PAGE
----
25 long years! But it seems only the other day! Kolkata International Film Festival has traversed a quarter of a century. Jaded with watching—and sometimes not watching—commercial and run-of-the-mill bioscope throughout the year, desperate film enthusiasts get an opportunity to immerse themselves in a plethora of socially-conscious, aesthetically gratifying films of various styles, moods and genres at the annual carnival of world cinema.
And finally, after about 15 years of that report, came this film – GUMNAMI. Its not just about Subhash Chandra Bose – The Legend / The God of Indian Freedom Struggle. It is about us. The Indians, whose freedom he fought for. It is about us, what have we done to Netaji. What have we done to his sacrifice – his own people, his family, his fellow comrades?
The music of the film Goopy Gyne Bagha Byne was really an appreciable one and all the stalwarts of Indian music, such as, Raichand Boral, Jnan Prakash Ghosh, Ravi Shankar, Nikhil Banerjee, Pankaj Kumar Mallik, Rajyeshwar Mitra, Hemanta Mukherjee, Nachiketa Ghosh, Debabrata Biswas and the likes admitted the music of the film was a genuinely unique creation by Ray. Fifty years have passed since the release of the film and still the film as well as the music of the film continues to enthrall the audience all across the world.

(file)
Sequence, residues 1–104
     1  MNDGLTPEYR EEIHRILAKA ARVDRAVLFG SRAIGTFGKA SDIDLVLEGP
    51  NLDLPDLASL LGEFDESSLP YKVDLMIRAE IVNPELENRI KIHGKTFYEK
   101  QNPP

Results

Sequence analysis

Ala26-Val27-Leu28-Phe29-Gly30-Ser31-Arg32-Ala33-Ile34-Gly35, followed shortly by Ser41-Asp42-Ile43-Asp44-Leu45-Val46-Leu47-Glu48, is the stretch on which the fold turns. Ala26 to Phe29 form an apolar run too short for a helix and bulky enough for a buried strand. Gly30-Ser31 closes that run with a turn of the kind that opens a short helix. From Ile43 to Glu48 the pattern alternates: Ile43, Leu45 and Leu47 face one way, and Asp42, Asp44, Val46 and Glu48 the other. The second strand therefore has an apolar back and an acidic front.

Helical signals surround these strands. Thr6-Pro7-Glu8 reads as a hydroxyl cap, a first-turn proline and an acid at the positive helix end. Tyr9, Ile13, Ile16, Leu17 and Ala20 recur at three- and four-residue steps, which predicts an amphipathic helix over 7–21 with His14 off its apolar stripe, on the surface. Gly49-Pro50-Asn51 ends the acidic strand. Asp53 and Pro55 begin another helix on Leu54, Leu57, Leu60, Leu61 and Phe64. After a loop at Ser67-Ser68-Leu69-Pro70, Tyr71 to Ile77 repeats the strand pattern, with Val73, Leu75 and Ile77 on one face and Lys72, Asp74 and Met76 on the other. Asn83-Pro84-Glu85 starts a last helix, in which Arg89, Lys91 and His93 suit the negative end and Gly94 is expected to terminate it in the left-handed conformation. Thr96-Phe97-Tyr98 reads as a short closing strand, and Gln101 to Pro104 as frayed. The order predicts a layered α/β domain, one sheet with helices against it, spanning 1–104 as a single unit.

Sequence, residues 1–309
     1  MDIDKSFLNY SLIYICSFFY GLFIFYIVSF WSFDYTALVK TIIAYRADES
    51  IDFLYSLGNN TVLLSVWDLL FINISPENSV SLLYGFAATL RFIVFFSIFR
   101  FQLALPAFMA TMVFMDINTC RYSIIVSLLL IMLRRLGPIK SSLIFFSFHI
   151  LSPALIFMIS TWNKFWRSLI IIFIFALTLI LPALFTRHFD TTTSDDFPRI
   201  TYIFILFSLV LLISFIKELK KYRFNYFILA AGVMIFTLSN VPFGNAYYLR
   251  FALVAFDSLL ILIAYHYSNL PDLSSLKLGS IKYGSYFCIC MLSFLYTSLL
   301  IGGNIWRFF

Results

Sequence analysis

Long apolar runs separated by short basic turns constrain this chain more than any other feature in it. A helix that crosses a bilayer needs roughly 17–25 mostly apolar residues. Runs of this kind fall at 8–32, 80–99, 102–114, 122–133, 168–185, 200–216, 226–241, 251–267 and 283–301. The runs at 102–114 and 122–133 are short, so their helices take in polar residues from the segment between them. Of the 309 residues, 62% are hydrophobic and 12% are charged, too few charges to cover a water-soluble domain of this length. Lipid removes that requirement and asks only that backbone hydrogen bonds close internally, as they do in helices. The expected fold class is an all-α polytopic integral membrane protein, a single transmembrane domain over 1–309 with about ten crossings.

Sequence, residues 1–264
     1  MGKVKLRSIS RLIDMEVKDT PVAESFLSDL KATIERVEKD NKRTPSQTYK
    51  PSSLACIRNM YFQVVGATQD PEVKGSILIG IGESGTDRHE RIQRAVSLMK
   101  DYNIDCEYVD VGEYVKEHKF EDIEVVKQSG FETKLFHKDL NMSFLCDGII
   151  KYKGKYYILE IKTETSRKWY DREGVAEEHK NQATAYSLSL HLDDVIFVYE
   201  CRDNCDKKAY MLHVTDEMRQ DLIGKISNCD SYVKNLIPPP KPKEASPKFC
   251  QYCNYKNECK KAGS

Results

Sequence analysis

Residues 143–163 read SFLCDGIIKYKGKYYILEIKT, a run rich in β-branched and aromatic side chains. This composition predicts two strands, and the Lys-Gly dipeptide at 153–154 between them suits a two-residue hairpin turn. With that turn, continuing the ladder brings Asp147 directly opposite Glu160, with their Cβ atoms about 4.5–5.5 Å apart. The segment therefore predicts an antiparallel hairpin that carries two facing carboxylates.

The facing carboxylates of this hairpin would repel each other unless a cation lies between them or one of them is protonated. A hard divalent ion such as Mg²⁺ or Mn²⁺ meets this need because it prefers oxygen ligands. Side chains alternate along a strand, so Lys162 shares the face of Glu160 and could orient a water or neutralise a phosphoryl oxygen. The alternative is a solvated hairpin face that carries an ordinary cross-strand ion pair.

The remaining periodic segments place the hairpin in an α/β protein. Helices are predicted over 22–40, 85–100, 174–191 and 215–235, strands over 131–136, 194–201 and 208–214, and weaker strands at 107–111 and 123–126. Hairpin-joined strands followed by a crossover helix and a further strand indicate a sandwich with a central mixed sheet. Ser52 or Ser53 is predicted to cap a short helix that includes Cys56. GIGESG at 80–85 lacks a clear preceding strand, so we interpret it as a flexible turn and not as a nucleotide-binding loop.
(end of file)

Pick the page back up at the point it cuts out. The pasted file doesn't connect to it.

His greatness as an artist is in no way diminished by the fact that he was a rivet in an unbroken chain of aesthetic and intellectual effort that stretches back to the mid-nineteenth century – a chain in which I too am, I hope, a small link, Ray was for me, not just a great artist; he was something even rarer: an artist who had crafted his life so that it could serve as an example to others.
One of the Buddhist monasteries mentioned in the autobiography of Xuanxang was the one at Moghalmari in the Paschim Medinipur district in West Bengal. This village in the eastern Indian state of West Bengal is a site of historical and archaeological significance that reflects the colorful history of the Bengal region.